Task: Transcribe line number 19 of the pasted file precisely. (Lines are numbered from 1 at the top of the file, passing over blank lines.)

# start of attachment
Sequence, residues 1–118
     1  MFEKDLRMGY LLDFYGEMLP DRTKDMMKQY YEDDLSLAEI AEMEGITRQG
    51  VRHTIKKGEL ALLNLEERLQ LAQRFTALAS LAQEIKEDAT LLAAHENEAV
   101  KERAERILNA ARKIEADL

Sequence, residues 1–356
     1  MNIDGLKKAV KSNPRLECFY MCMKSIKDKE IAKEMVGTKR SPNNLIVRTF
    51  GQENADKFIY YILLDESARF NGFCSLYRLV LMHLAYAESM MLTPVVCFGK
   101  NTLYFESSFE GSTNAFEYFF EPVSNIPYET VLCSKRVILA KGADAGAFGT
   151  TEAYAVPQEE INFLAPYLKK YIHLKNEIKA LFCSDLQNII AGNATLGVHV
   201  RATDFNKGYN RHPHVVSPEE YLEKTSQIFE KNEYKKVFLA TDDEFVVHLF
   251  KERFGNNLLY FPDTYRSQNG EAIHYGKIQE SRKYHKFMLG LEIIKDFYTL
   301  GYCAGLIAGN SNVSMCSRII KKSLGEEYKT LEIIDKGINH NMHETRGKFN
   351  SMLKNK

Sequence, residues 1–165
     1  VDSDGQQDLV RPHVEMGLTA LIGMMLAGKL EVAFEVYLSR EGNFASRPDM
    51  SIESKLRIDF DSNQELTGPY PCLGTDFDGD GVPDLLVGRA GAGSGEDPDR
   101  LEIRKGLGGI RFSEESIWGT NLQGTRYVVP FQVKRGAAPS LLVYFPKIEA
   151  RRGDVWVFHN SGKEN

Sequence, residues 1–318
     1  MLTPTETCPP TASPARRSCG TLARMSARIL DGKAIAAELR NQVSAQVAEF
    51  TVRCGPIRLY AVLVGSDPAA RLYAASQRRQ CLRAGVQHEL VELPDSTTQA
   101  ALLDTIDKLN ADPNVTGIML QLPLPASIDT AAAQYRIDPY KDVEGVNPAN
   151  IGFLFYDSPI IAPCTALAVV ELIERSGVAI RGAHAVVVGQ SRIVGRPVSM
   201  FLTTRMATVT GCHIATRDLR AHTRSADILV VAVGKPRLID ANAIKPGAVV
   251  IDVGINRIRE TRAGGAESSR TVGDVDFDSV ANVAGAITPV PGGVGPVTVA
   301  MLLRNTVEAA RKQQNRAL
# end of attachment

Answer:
Sequence, residues 1–318